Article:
The Bennelong Sydney Opera House is situated next to the iconic Sydney Opera House. It has commanding views over Circular Quay, Sydney Harbour and the Sydney Harbour Bridge.
The Sydney Opera House is a multi-venue performing arts centre in Sydney, Australia, identified as one of the 20th century’s most distinctive buildings.
Designed by Danish architect Jørn Utzon, the building was formally opened on 20 October 1973 after a gestation beginning with Utzon’s 1957 selection as winner of an international design competition. The government of New South Wales, led by the premier, Joseph Cahill, authorised work to begin in 1958 with Utzon directing construction. The government’s decision to build Utzon’s design is often overshadowed by circumstances that followed, including cost and scheduling overruns as well as the architect’s ultimate resignation
The building and its surrounds occupy the whole of Bennelong Point in Sydney Harbour, between Sydney Cove and Farm Cove, adjacent to the Sydney central business district and the Royal Botanic Gardens, and close by the Sydney Harbour Bridge.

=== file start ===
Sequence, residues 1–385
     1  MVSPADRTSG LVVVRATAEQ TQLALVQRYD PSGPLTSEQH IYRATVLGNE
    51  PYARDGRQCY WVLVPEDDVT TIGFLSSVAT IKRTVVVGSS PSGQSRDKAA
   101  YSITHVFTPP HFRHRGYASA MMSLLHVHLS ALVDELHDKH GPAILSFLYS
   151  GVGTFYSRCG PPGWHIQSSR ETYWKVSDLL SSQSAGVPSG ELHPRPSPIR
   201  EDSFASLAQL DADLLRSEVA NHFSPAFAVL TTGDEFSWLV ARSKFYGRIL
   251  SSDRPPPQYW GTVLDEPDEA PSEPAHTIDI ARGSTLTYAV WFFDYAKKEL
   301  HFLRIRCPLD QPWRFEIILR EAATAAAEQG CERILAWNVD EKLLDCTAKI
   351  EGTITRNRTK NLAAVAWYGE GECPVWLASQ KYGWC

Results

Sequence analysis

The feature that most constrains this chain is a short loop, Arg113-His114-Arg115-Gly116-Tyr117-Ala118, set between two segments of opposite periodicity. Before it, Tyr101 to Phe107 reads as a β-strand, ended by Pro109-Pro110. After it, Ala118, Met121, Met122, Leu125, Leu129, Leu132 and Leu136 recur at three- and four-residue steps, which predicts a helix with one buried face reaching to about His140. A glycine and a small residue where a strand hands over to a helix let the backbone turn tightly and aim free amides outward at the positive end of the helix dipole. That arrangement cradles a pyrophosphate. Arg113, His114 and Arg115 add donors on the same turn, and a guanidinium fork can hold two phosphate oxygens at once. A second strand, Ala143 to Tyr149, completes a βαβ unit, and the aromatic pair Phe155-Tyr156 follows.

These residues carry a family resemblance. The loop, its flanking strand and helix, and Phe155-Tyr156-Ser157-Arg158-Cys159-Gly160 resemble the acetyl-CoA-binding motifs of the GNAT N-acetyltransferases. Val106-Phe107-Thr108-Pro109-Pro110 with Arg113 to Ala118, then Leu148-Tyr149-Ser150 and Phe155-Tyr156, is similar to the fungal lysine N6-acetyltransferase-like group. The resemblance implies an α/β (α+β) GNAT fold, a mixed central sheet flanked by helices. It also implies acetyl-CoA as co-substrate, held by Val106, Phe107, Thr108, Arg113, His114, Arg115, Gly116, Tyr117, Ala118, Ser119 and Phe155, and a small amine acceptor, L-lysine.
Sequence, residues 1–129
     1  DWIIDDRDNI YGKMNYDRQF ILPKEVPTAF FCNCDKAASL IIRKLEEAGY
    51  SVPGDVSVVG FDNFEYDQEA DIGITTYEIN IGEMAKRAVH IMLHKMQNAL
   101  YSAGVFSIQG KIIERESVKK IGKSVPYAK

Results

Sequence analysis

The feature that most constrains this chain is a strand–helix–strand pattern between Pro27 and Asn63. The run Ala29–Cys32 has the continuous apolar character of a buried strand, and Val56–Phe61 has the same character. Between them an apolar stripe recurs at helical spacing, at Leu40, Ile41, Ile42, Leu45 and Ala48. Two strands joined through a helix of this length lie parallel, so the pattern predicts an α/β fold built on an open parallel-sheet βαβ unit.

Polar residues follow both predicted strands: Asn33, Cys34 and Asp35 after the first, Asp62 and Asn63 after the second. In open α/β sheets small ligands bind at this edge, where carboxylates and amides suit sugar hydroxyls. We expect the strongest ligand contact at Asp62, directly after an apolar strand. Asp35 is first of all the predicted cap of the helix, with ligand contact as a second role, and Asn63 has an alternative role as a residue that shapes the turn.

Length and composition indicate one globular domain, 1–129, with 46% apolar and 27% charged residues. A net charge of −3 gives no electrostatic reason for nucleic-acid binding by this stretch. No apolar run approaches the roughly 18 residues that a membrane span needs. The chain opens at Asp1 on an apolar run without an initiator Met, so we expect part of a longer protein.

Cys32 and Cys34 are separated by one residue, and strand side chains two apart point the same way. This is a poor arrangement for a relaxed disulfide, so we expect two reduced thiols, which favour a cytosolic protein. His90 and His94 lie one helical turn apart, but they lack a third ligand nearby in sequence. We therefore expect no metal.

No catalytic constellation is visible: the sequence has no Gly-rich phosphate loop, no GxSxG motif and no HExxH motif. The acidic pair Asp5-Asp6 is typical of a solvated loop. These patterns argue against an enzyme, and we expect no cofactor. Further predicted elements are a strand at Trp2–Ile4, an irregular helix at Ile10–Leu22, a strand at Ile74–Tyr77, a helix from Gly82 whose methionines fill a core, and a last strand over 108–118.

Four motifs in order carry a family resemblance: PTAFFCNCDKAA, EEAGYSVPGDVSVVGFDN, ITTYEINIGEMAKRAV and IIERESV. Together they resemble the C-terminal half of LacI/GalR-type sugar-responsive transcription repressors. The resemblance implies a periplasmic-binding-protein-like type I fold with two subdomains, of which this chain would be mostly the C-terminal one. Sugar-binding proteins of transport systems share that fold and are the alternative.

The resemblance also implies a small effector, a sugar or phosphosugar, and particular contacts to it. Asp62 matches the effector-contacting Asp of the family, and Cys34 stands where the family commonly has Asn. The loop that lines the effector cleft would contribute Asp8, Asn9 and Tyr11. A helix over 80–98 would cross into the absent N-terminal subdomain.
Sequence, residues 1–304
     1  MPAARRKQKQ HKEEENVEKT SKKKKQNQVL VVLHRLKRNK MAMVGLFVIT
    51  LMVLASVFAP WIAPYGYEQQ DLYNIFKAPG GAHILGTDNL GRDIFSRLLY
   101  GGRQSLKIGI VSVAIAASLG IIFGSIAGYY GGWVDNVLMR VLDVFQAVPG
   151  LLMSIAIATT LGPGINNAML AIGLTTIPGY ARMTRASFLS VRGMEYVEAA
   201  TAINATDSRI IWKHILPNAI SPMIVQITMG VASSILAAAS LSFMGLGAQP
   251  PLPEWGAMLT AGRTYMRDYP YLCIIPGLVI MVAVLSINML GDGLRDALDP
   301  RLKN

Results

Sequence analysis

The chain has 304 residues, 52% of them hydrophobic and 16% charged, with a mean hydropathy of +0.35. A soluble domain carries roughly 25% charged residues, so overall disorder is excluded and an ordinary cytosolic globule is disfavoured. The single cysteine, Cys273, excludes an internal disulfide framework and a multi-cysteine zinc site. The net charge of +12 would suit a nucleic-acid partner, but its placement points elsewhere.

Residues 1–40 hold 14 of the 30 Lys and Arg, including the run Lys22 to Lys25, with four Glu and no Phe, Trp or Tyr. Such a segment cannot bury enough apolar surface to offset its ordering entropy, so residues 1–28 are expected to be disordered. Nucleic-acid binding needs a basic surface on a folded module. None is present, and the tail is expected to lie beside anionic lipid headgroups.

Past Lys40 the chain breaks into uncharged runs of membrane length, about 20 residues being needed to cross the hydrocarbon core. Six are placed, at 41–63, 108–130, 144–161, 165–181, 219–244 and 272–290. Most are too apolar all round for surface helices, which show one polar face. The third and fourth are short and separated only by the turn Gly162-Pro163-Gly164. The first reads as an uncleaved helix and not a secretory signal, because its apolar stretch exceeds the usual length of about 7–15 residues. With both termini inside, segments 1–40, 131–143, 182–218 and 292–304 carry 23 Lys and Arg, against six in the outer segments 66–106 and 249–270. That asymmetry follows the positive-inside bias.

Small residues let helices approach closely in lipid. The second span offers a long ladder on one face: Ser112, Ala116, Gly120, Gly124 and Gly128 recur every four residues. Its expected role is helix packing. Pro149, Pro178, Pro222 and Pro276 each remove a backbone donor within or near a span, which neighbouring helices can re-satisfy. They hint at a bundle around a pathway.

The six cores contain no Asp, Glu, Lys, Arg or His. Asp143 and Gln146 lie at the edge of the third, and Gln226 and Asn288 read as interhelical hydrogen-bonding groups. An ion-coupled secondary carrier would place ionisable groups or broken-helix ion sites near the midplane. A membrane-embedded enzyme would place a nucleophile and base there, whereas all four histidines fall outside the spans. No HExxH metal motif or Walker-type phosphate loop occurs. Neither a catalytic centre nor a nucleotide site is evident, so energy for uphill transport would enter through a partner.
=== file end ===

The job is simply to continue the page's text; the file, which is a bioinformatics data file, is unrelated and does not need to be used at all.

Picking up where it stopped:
Though its name suggests a single venue, the building comprises multiple performance venues which together are among the busiest of performing arts centres – hosting well over 1,500 performances annually, attended by more than 1.2 million people.A wide range of performances is presented in the venues, by numerous performing arts producers, including four key resident companies: Opera Australia, The Australian Ballet, the Sydney Theatre Company and the Sydney Symphony Orchestra. As one of the most popular visitor attractions in Australia, more than eight million people visit the site each year, with around 350,000 visitors annually taking a guided tour of the building.The building is managed by the Sydney Opera House Trust, an agency of the New South Wales State Government.
On 28 June 2007, the Sydney Opera House became a UNESCO World Heritage Site.The facility features a modern expressionist design, with a series of large precast concrete “shells”.